Heavy winds on Friday caused downed trees, tree limbs and power lines, leaving a clean-up that continued through the weekend.
By Sunday afternoon, Green Mountain Power’s outage center showed about 1,700 customers were still affected but the storm had initially affected about 49,300 customers. On Saturday, around 5 p.m., about 5,000 customers had not yet had power restored.
Peter Banacos, a meteorologist at the National Weather Service, said a line of thunderstorms had moved across Vermont during the late afternoon and evening hours on Friday, producing large hail and damaging wind and flash floods in northern Vermont.
“It was a pretty potent line, a powerhouse low pressure system that moved across and produced some of the severe weather we observed,” Banacos said.
The storms also led to a tornado watch across large parts of Vermont on Friday.
The thunderstorms were followed by a severe cold front, causing gradient winds, because of the intensity of the low-pressure area, adding to the high winds on Friday night, Banacos added.
Because the soils were saturated in many areas, Banacos said, trees were uprooted that might otherwise have resisted the high winds.
The highest recorded wind gust for the storm was 65 mph in Jay in Orleans County.
In Rutland County, winds were recorded as high at 54 mph and in Washington County, the Montpelier airport recorded a 46 mph gust.
Banacos said with thunderstorms, the highest winds can occur in between observation sites. National Weather Service staff believes there were winds as high as 70 mph based on the damage and number of trees that were felled.
Kristen Kelly, a spokeswoman for Green Mountain Power, said on Saturday, said the biggest concentration of outages were around Royalton, Montpelier and Rutland but said all of the utility’s 16 districts had seen outages.
“The real takeaway that we’ve seen is the damage is statewide,” she said. ‘When you’re thinking about deploying resources to go fix it and get the lights back on, that’s tough because you can’t just send everybody in one direction.”
While Kelly said GMP staff were proud of the quick response that reduced the numbers of those affected from more than 49,000 just after the storm to 5,000 the next day, she said some of the remaining outages were among the toughest because many were in hard-to-reach areas and repairs might only restore a small number of customers.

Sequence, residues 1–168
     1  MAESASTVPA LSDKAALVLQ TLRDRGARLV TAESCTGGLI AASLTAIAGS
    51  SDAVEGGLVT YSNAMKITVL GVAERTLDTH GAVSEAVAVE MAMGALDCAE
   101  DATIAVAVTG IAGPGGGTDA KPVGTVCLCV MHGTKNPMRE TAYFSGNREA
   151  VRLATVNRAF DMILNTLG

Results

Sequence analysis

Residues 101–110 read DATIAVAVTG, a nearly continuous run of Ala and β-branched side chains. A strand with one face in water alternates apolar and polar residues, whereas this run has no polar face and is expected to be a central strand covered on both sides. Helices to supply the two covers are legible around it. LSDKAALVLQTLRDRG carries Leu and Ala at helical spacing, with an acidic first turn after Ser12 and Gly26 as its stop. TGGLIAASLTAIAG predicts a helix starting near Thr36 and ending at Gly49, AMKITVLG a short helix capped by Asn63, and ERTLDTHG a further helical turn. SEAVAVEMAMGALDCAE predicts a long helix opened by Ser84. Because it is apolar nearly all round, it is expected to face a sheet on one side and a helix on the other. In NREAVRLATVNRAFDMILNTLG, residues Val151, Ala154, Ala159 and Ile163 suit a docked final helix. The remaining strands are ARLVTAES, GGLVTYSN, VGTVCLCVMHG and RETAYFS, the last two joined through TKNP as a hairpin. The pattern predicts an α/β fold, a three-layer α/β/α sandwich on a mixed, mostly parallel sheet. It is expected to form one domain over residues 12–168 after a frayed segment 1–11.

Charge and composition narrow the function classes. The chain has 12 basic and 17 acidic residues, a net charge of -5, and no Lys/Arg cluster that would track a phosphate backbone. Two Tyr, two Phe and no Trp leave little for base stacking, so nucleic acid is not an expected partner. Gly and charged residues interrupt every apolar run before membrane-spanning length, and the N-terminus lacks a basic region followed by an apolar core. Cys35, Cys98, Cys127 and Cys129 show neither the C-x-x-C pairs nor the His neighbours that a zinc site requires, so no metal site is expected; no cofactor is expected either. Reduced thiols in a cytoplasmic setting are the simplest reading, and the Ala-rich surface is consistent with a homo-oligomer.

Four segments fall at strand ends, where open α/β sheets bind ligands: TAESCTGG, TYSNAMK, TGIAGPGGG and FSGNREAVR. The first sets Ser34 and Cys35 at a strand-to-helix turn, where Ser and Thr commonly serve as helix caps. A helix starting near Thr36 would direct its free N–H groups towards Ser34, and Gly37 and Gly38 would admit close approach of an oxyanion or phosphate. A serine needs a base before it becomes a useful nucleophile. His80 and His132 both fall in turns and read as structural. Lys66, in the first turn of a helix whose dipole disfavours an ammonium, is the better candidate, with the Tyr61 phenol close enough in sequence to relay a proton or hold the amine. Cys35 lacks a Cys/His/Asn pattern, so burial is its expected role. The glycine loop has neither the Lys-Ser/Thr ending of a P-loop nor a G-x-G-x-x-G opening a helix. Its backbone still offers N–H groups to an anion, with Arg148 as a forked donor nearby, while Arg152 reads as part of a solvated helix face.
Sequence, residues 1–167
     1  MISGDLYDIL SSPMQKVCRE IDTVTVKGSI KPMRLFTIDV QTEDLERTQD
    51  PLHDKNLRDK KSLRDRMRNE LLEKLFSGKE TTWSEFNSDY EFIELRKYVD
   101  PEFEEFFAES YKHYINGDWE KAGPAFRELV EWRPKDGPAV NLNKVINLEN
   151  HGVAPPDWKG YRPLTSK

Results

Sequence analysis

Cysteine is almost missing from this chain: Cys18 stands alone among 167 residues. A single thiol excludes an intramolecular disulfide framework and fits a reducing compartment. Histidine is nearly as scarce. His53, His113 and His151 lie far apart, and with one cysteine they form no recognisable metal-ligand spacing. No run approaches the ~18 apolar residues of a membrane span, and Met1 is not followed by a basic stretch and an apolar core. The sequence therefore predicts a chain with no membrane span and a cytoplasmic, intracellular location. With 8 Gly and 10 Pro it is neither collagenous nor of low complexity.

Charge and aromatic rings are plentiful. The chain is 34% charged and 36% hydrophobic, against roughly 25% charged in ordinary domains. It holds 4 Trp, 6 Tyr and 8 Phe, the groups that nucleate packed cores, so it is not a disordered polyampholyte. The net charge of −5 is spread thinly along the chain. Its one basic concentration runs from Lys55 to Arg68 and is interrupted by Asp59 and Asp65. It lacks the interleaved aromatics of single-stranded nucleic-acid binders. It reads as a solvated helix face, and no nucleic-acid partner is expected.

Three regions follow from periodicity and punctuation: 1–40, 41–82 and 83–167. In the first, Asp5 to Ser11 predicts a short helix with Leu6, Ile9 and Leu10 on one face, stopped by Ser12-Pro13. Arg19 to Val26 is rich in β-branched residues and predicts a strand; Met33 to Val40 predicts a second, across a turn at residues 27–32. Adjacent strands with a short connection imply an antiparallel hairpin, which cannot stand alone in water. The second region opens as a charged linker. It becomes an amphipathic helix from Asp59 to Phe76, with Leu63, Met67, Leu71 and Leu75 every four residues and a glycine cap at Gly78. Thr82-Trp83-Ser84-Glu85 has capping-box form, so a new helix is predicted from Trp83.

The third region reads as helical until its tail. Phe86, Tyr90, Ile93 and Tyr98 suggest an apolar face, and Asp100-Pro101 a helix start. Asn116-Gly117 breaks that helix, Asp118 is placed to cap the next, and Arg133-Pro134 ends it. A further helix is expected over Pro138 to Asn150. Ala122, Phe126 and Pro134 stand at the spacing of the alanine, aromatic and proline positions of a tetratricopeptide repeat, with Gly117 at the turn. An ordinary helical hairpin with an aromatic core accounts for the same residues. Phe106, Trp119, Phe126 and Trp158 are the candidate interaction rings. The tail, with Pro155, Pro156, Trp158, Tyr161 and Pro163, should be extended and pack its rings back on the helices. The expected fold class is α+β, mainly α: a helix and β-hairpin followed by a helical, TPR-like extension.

“These are some of the most time-consuming outages to restore,” she said.
However, Kelly said the storm response in dry conditions with mild temperatures were much easier for the crews than when workers were handling the aftermath of some of the winter snowstorms.
Green Mountain Power had recruited some out-of-state workers to assist but Kelly said that had been a challenge because the windstorms were regional to the northeast so resources were needed beyond Vermont.
At least one injury may be connected to the wind storm.
On Saturday, the Vermont State Police responded to a motorcycle accident around 4:30 p.m. on Riford Bark Road in Braintree, which happened, according to local resident Thomas Kulpinski, 69, when he was driving his 2002 Suzuki motorcycle and collided with down electric wires.
Kulpinski was taken to Gifford Medical Center for evaluation and treatment of injuries to his hip, shoulder and ankle.
While there were clearly limbs or trees that had fallen in the Rutland area on Saturday, Mayor David Allaire said he had received no reports of any major damage or problems caused by the storm.
Vermont Emergency Management on Saturday said in a press release the state had seen a number of trees or power lines knocked down.